Although NK cells are often associated with a positive regulation of the immune response, they are also associated with the development of immunopathologies. In chronic hepatitis B virus infection, NK cells contribute to both liver inflammation and injury (113, 114), and aggravate and increase the lethality of bacterial infections in murine models (115, 116). NK cell activity was found to be impaired in patients that suffered from multiple sclerosis (117, 118), type-1 diabetes (119) and cardiovascular diseases (120–122), and found to sustain joint inflammation in rheumatoid arthritis patients (123); the risk of the latter three are all increased by exposure to ELA (16, 124–126). This raises the possibility of the long-term alteration of the NK cell phenotype underlying the pathophysiological effects of ELA. It may seem counterintuitive that we see an accumulation of NK cells of a more mature phenotype, but of lower functionality. This does, however, very clearly mirror our prior data on CD8+ T cells. Although it is not as well documented as for T cells, immunosenescence also occurs in other cell types, such as B (65, 66) and NK cells (67, 68). Our data suggests that, as suggested by Judge et al. (67), this corresponds to the accumulation of senescent NK-cells. Although NK cells have received far less attention, anergy, senescence and exhaustion are distinct dysfunctional entities that parallel the same processes in T cells and are all characterized by a significant reduction in both proliferation and NK-effector functions. There is the caveat that the expression of CD57 in natural killer cells does not necessarily mean they are senescent but rather that they reached a higher maturation state, which is accompanied by functional changes similar to those observed in senescent T cells: less proliferation and higher cytotoxic capacity (28, 67, 69). Furthermore, an alternative interpretation may be that at the single cell level ELA reduces NK cell effector functions, while at the population level the NK cells were more mature. This is somewhat confirmed by our previous report of ELA reducing activation CD69 levels on both total NK cells and CD56dimCD16+ NK cells. Unfortunately, in our previous report, this result was highly significant prior to, but not after, post-hoc multiple testing correction (18)
The limitations of our pre-clinical study include potential litter effects and the absence of a clear HPA axis phenotype. Similarly, the number of EpiPath participants analyzed was limited, however, based on the rat MD data, our power calculation suggested that to see the same phenotype in the cohort only 14 participants were required to have 80% power at alpha 0.05, which we largely exceeded. However, these are clearly outweighed by the reproduction of the functional NK cell phenotype in the EpiPath cohort. Furthermore, the identical phenotype in the MD model and the cohort allowed us to exclude the two most prominent mechanistic hypotheses from the literature – HPA axis control, and continual CMV reactivation. Nevertheless, ELA has a direct impact in the maturation state and later exhaustion of NK cells that may impair their activity and lead to uncontrolled reactions in adulthood.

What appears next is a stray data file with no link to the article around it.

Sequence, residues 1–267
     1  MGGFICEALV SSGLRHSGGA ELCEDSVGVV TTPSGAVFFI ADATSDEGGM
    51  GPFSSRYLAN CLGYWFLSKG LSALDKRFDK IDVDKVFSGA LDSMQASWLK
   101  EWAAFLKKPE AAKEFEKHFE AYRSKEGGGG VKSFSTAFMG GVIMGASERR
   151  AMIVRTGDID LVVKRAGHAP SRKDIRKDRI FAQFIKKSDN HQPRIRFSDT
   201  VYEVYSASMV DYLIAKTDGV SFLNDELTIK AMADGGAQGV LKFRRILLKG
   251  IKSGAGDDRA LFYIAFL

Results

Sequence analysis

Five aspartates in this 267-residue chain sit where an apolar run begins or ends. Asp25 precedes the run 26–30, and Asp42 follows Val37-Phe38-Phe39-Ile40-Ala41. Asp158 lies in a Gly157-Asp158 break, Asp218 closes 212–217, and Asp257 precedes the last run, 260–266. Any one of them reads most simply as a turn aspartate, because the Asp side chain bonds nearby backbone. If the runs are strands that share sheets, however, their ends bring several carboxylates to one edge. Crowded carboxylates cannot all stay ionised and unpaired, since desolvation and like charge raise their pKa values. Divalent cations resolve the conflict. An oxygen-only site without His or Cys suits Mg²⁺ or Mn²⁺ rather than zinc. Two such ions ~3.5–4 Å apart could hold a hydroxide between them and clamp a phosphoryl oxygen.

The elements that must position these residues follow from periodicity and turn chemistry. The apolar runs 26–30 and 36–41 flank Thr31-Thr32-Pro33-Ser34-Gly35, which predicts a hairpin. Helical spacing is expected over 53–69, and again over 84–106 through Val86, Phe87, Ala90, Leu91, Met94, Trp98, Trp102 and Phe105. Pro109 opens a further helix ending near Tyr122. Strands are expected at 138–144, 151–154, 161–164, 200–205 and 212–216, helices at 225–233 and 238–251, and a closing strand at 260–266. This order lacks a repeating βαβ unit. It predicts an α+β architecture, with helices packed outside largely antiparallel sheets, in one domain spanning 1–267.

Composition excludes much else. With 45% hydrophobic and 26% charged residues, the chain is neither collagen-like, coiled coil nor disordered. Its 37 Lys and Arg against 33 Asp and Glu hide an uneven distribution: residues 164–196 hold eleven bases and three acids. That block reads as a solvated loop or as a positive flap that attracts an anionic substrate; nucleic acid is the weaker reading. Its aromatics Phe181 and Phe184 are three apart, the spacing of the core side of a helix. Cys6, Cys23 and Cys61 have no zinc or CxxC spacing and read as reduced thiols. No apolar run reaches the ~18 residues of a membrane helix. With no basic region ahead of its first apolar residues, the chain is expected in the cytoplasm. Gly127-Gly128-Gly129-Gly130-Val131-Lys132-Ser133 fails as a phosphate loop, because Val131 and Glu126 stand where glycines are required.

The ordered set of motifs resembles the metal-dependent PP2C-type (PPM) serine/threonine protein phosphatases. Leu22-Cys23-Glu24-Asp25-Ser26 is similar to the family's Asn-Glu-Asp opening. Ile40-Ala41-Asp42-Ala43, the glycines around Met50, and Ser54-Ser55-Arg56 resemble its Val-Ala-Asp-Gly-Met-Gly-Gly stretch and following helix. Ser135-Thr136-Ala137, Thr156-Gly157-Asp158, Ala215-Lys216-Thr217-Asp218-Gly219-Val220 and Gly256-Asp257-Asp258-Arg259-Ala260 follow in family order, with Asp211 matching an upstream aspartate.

It is clear that all cells of the immune system are not equally affected by ELA. Here, we have expanded our prior observation of T cell immunosenescence to a novel, unbiased examination of the immune system, identifying NK cells as functionally affected by ELA in both the rat MD model and in our human institutionalization – adoption cohort and NKT-like cells to be differently expressed in the rats. The immature NK cells appear to retain their functionality, however, as they mature towards CD56dim NK cell subsets and CD56- phenotype, their cytotoxic and degranulation potential are reduced. It is now evident that alterations in the HPA axis, either as stress-induced cortisol/corticosterone production or gluconeogenesis, are not responsible for the immune phenotype. The challenge is now to understand how ELA is inducing such changes and the role of both T cell and NK/NKT-like cells functional and expression loss in the long-term ELA-induced disease risk.
Data Availability Statement
The original contributions presented in the study are included in the article/Supplementary Material. Further inquiries can be directed to the corresponding author.
The studies involving human participants were reviewed and approved by Luxembourg National Research Ethics Committee (CNER, No 201303/10 v1.4) and the Ethics Review Panel (ERP, University of Luxembourg, No 13-002). The patients/participants provided their written informed consent to participate in this study. The animal study was reviewed and approved by local Animal Welfare Structure (DII-2017-18).
Conceptualization: SF and JT. Literature review: SF and JT. Data collection: SF, NP, SM, ME, FL, and MT. Data analysis: SF, NP, JZ, and JT. Manuscript writing and editing: SF, NP, JZ, and JT. All authors contributed to the article and approved the submitted version.